10. 10. Self-descriptors for one’s looks Total Respondents Natural 31% Average 25% Attractive 9% Feminine 8% Good-looking 7% Cute 7% Pretty 5% Beautiful 2% Sophisticated 1% Sexy 1% Stunning 1% Gorgeous 0% 0% 20% 40% 60% 80% 100% C1 – Which ONE of the following words, if any, would you be most comfortable using to Excludes none of these, describe the way you look? don’t know and refused A country-by-country analysis reveals that there are interesting distinctions between the two most popular descriptors of “average” and “natural.” “Natural” is the descriptor of choice among Canadian, Italian, French, Argentinean and Japanese women, while Brazilian, Portuguese, British and Dutch women are most likely to describe themselves as “average.” ♦ 6% of Brazilian women choose “beautiful” to describe themselves – the highest number among all countries studied. 10
  11. 11. Self-descriptors for one’s looks USA CAN GBR ITA FRA NLD PRT BRA ARG JPN Natural 21% 36% 27% 37% 43% 28% 22% 20% 40% 43% Average 27% 25% 31% 12% 13% 28% 37% 42% 10% 26% Attractive 18% 12% 20% 4% 6% 9% 3% 5% 8% 2% Feminine 5% 3% 5% 9% 8% 19% 9% 8% 13% 3% Good-looking 4% 8% 3% 9% 11% 0% 13% 8% 16% 2% Cute 9% 10% 3% 9% 9% 1% 11% 7% 1% 6% Pretty 7% 2% 5% 17% 5% 9% 1% 1% 2% 0% Beautiful 3% 1% 2% 2% 1% 3% 2% 6% 3% 0% Sophisticated 2% 2% 2% 0% 0% 1% 1% 1% 2% 2% Sexy 2% 0% 2% 0% 0% 1% 0% 0% 1% 1% Stunning 0% 0% 1% 0% 1% 0% 0% 0% 1% 3% Gorgeous 1% 0% 1% 0% 0% 1% 0% 1% 1% 0% C1 – Which ONE of the following words, if any, would you be most comfortable using to Excludes none of these, describe the way you look? don’t know and refused Ranked on total respondents Deeper probing on this issue revealed that four in ten women around the world strongly agree (8, 9, or 10 on a 10-point scale) that they do not feel comfortable describing themselves as beautiful. NOTE: Throughout this study, we have used “strongly agree” data (top 3 box), meaning that women had to select 8, 9, or 10 on a 10-point scale where 1 was “completely disagree” and 10 was “completely agree.” This is in keeping with research convention. From the perspective of the lay reader, it is important to remember that - in all cases - “strongly agree” represents very firmly held beliefs—not simple accord. Thus, “beauty” is not only a word that women are very unlikely to choose to describe their looks; it is also one which many actually feel “uncomfortable” using to describe themselves. This level of “discomfort” illustrates the degree to which women have become distanced from today’s idea of female beauty. ♦ Importantly, women feel this way regardless of age. Thus 40% of 18 to 29 year-olds strongly agree that they do not feel comfortable describing themselves as beautiful, with 43% of 30 to 44 year-olds and 42% of 45 to 64 year-olds also feeling this way. ♦ A country-by-country comparison reveals that women from Great Britain are more likely than women from other countries to feel uncomfortable describing themselves as beautiful, followed by women from Argentina, Italy and the U.S. 11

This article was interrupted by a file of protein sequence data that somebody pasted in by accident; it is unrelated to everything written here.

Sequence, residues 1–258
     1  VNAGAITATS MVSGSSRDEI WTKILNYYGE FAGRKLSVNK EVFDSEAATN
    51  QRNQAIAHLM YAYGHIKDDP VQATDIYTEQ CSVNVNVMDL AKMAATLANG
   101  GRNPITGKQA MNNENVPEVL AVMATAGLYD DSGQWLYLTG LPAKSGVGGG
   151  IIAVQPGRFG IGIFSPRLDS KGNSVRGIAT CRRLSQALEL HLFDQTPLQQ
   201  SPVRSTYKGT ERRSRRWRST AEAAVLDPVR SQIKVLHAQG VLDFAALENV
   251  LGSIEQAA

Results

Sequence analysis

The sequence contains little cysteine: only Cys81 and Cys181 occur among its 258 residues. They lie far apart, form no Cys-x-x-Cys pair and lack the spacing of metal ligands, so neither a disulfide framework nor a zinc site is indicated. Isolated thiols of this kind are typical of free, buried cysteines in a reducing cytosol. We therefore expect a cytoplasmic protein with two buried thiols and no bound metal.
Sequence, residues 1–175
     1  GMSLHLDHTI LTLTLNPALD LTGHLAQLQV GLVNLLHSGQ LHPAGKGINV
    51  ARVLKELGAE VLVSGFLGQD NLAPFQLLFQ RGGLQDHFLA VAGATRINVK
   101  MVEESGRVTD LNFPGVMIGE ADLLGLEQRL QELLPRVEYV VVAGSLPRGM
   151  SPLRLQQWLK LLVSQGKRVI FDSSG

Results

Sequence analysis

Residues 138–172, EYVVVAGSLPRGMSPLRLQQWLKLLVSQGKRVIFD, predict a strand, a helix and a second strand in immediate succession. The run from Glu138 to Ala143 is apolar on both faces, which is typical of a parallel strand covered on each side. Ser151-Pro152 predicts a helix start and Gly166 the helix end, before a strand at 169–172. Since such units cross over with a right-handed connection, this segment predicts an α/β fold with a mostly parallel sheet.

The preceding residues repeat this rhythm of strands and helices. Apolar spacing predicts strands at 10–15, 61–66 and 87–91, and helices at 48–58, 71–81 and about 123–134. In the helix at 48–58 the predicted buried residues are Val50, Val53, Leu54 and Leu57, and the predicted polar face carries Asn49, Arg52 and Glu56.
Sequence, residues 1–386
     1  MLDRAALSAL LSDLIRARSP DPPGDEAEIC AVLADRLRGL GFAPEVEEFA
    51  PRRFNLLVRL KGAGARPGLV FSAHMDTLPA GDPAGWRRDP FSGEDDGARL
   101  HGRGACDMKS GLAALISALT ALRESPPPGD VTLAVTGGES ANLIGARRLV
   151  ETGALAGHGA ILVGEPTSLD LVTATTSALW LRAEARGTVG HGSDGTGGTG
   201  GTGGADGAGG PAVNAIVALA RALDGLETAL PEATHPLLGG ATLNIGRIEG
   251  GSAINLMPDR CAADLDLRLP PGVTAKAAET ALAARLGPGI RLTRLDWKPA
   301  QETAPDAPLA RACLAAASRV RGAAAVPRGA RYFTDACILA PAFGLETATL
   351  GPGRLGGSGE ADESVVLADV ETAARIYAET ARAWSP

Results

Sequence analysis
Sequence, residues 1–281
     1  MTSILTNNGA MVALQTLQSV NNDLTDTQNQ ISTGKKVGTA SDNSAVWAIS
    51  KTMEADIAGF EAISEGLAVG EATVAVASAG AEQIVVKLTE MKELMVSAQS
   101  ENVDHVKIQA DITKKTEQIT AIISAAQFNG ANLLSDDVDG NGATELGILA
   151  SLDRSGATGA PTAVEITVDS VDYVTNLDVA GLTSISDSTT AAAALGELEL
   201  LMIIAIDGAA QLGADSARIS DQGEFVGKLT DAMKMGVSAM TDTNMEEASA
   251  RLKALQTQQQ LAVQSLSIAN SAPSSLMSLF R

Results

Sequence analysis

12. 12. Discomfort in describing self as beautiful Total Respondents “I do not feel comfortable describing myself as beautiful” 100% 80% 60% 42% 40% 17% 20% 0% Strongly agree (top 3 box) Strongly disagree (bottom 3 box) C57 - Now, I am going to read you a list of statements, and I’d like you to tell me to what 10 pt. scale extent you agree or disagree with each. Please use a 10-point scale where 1 means you “Completely disagree” and 10 means you “Completely agree”. Discomfort in describing self as beautiful “I do not feel comfortable describing myself as beautiful” 100% 80% Strongly agree 60% 54% 49% 44% 45% 41% 40% 41% 40% 35% 34% 36% 20% 0% a SA ly n a al l ce K s zi ti n ad pa nd Ita U ug ra an U en an Ja rl a B rt Fr Po rg C he A et N C57 - Now, I am going to read you a list of statements, and I’d like you to tell me to what Top 3 box of 10 pt. scale extent you agree or disagree with each. Please use a 10-point scale where 1 means you “Completely disagree” and 10 means you “Completely agree”. 12
  13. 13. Self-Evaluations of Beauty and Physical Appearance The Real Truth About Beauty study went on to conduct an assessment of how women evaluate their own beauty. Throughout this exploration, women were asked to evaluate both their beauty and their physical attractiveness. This was partly to determine how women assess themselves, and partly to discern whether women evaluate their “beauty” any differently from their “physical attractiveness.” While similar assessments of both would not confirm a causal connection (i.e., beauty is based solely on physical appearance), it would suggest that women think about the two in similar ways, seeing them as having a great deal of overlap and perhaps as being interchangeable. Results show that, overall, women do not rate their own “beauty” and their “physical attractiveness” differently across various measures (such as evaluation and satisfaction). Thus the two concepts appear – in these respects – interchangeable. Data show that the vast majority of women rate themselves “average” in terms of their “beauty” and their “physical attractiveness.” ♦ Almost three-quarters of women (72%) rate their beauty “average” and 69% rate their physical attractiveness “average.” ♦ Overall, 13% see themselves as somewhat less or much less beautiful or physically attractive than others. ♦ 16% of all women think of themselves as “somewhat more” or “much more” physically attractive than others. Apart from the similarity in the ratings across both concepts, the very substantial number of respondents opting for “average,” indicates that women prefer not to distinguish themselves from other women in terms of either their beauty or physical attractiveness. 13